Saturday, August 23, 2014

Know Him

Several weeks ago I had the privilege of attending a Beth Moore conference with some sweet family members.  One of the topics Beth spoke on was on "Know who you are in Christ."   My sister, Becky and I discussed it some and then she loaned me the book  "The Person Called You" by Bill Hendricks.  (I haven't finished the book yet, but I do recommend it!)  
Shortly after I began contemplating all of this information, the Junior High girls in my Sunday School class came home from Student Life Camp.  At the beginning of class, I asked them to share something from camp.  Many shared fun things that had happened at camp  but then one of them excitedly wanted to share what she had learned.  She began telling what Ed Newton had taught one evening at the conference (and I hope I get it right!).  
He told them the story in Matthew 16 of  Christ asking his disciples "Who do you say that I am?".   When Jesus asked the question, Simon quickly declared, "Your are the Christ, the Son of the Living God!"  It was then that Jesus changed his name to Peter - and in that name change told Peter who he was.  Mr. Newton's point was what had my adorable Jr. High Sunday School member so excited:  before God will reveal who you are in Him, He wants you to declare who HE is.  I love simplicity, and I love those girls!

Saturday, April 19, 2014

The Silence of Saturday

Matthew 27:57-66
When it was evening, there came a rich man from Arimathea, named Joseph, who was also a disciple of Jesus. He went to Pilate and asked for the body of Jesus; then Pilate ordered it to be given to him. So Joseph took the body and wrapped it in a clean linen cloth and laid it in his own new tomb, which he had hewn in the rock. He then rolled a great stone to the door of the tomb and went away. Mary Magdalene and the other Mary were there, sitting opposite the tomb. The next day, that is, after the day of Preparation, the chief priests and the Pharisees gathered before Pilate and said, “Sir, we remember what that impostor said while he was still alive, ‘After three days I will rise again.’ Therefore command the tomb to be made secure until the third day; otherwise his disciples may go and steal him away, and tell the people, ‘He has been raised from the dead,’ and the last deception would be worse than the first.” Pilate said to them, “You have a guard of soldiers; go, make it as secure as you can.” So they went with the guard and made the tomb secure by sealing the stone.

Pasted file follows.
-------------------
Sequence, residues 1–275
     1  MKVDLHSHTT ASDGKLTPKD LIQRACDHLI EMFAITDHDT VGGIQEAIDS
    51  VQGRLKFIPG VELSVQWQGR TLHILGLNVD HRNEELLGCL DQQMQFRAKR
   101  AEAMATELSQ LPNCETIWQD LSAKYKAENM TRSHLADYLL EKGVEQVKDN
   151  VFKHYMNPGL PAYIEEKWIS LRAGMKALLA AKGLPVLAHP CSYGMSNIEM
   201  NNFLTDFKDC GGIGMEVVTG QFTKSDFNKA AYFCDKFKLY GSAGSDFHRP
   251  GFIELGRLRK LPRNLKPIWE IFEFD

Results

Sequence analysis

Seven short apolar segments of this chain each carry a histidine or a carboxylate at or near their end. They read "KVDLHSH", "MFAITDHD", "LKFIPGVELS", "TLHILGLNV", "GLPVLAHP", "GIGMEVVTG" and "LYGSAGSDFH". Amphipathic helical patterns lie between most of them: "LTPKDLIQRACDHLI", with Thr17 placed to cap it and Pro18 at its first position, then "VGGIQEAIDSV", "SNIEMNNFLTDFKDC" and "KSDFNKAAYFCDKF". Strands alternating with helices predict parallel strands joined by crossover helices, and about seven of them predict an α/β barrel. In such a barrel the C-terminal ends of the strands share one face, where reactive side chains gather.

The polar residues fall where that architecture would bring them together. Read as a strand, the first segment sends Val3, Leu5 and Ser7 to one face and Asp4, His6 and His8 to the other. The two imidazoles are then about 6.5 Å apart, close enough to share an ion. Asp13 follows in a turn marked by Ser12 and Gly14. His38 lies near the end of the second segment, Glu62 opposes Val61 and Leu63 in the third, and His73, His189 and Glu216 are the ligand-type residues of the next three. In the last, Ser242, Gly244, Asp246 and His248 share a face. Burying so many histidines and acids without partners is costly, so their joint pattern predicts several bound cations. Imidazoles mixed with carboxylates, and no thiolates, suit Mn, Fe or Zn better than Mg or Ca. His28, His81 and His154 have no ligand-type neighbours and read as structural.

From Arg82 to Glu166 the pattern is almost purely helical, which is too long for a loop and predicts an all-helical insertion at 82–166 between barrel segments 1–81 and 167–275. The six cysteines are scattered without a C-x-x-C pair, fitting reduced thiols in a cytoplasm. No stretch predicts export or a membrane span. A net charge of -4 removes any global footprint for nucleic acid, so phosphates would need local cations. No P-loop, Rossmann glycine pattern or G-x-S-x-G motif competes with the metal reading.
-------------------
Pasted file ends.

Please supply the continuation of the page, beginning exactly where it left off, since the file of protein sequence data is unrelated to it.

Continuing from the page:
As I've contemplated the Easter season this year, for some reason I keep coming back to think of that Saturday - that in between time when the pain and sorrow of the crucifixion is past but the triumph and exultation of the resurrection is still unknown.

Most of us have seen performances that portray the crucifixion and have heard the noises.  The sounds of those screaming "Crucify Him!" as well as those grieving as they witness Christ's death, the harshness of a hammer pounding the nails into his hands and feet, and Christ proclaiming "It is finished.".   We've heard the sounds of Sunday depicted- the exclamation of the angel telling Mary Magdalene and the other Mary "He is not here, for he has risen!", we can imagine the joy in their voices as they rush to tell the disciples the good news and the footsteps as John and Peter rush to see the empty tomb.

But Saturday.  Oh, Saturday!  The time of confusion, fear, and doubt.  The time when Christ seemingly was absent.  When Christ was SILENT.  The followers of Christ had heard so much from Jesus as they followed Him, times when they were so very aware of Christ's presence.  But now, nothing.

John 19:38-39 tells us that both Joseph of Arimathea and Nicodemus took Jesus' body, wrapped it in linen and laid Him in the tomb.  The stone was rolled into place, and then they "went away" (Matt. 27:60).  Did you notice where Mary Magdalene and the other Mary were?  I had never noticed this before:  They were waiting at the tomb.    Maybe that is what faith looks like.   It was a time for those two to "Be still and KNOW".  I think for them it was a time of waiting and trusting.  Saturday is a hard day.  We desperately want to escape the doubt and the grief and jump straight to the joy and excitement of victory.  However, Jesus used this time of silence to do His best work.  He used His death to conquer death and to bring us life.  He faced the pain and grief to bring us joy and to set us free.

I don't think it is any coincidence that these two women had the honor of being the first to hear the good news of  Christ's resurrection.  May we, in times of silence and waiting, be still  and with hope, prayer and trust remember that the LORD who loves us so deeply is quietly at work behind the scenes bringing about miracles beyond our imagination!